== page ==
by Lee Isaacson
Spending time on the unemployment line can be discouraging, stressful and nerve-wracking. Those feelings are heightened when unexpected expenses arise. To avoid encountering additional distress, the unemployed should remember Benjamin Franklin’s immortal words, "In this world nothing can be said to be certain, except death and taxes." Yes, taxes. Even for the unemployed.
With more people filing into the unemployment line every day, it’s critical we examine the major tax issues facing the unemployed. These include: the often misunderstood fact that unemployment benefits are taxable; the tax implications of taking part-time or subcontract work or making withdrawals from retirement accounts; issues related to the restructuring of debt; the dangers that arise from a failure to file; and misunderstanding what is and is not tax deductible. While understanding each of these issues will not make unemployment stress-free, it will help relieve some of the anxiety associated with unemployment and allow the jobless to focus more of their energy where it should be and that's on finding a new job.
Many recently unemployed people don’t realize that unemployment benefits are taxable. They think that because the money comes from the government, taxes have already been accounted for and removed. This belief is reinforced by formerly unemployed friends and family who think they did not pay taxes on their unemployment benefits. In all probability, they actually paid enough in income taxes during the part of the year for which they were employed that it made up for the portion of the year for which they were not. To avoid an unpleasant surprise on April 15th, unemployed Americans should consider filling out a Voluntary Withholding Request (W-4V).
To make ends meet, the unemployed often search for temporary work, including part-time and subcontract work. While this can be beneficial both financially and professionally, they will be required to file a tax return for any income over the minimum income level.
Another way the unemployed often try to get by is by making withdrawals from their retirement accounts. Not only are most early withdrawals from IRAs and 401(k)s saddled with a 10 percent penalty, the amount withdrawn is subject to taxation. That being said, there are ways to withdraw from these accounts without penalty. Depending on the type of account, these can include using the funds to pay for certain medical or education expenses, or setting up annuity withdrawals.
Cancellation of indebtedness (COD) income must be included in gross income for tax purposes. COD income can result when a lender forgives or reconfigures a borrower’s debt. Many of the unemployed are unaware of the tax implications that can result from a restructure of debt. If tax liability is not taken into consideration, restructuring can leave them far worse off than they were under the original loan specifications.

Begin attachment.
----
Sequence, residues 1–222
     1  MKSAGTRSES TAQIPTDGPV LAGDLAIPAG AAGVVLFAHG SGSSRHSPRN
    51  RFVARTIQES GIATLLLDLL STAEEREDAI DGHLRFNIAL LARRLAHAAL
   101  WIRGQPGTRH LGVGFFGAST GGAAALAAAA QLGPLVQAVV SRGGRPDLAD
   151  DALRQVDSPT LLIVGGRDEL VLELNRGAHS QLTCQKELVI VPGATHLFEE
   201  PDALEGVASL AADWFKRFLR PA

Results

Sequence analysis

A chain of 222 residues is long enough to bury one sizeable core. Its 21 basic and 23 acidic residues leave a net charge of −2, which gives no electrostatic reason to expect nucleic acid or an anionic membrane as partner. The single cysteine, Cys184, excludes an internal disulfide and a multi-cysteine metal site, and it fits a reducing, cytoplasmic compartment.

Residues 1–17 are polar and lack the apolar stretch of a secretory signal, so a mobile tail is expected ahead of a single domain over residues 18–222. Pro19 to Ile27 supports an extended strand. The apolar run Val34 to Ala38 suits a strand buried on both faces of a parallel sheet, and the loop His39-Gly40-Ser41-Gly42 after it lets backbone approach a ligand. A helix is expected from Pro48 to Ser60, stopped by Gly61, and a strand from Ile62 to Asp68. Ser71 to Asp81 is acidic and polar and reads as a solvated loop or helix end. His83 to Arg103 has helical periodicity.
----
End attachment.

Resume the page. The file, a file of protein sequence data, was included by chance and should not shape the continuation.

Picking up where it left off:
Among the unemployed who are aware that they may owe taxes, some make the mistake of adopting the Scarlett O’Hara “I’ll think about that tomorrow” attitude and don’t file on time, or ever. By burying their heads in the sand and filing late or not at all, the unemployed can be subjected to penalties and, in extreme cases, jail time. This only serves to make their situation worse. Instead, those who cannot immediately pay the taxes they owe should work with the IRS to set up a payment plan.
Finally, those who do file may fail to recognize what is and is not deductible. Deductible items can include expenses related to travel, interviews, mailing and printing, and resume services, just to name a few. Getting the most deductions possible can save thousands of dollars come tax day – dollars that can be reinvested in the job hunt or used to pay bills.
The unemployed cannot afford to be dealt another blow by falling into one of these easily avoidable pitfalls. To escape these threats, each should be taken into consideration by those dealing with joblessness. A thorough understanding of all possible dangers can help stop a bad situation from getting worse, and allow the out-of-work to keep their attention on the job search.
Lee Isaacson is a member of the Reznick Group’s National Operating Committee and has more than 26 years’ experience working with professional services firms, closely held commercial businesses and various real estate entities. Lee has experience in accounting and tax services including financial reporting and analysis, technical support, quality assurance reviews, financial planning, cash flow planning, estate planning, deal negotiations, and transaction and deal structuring. You'll find the company’s web site at ReznickGroup.com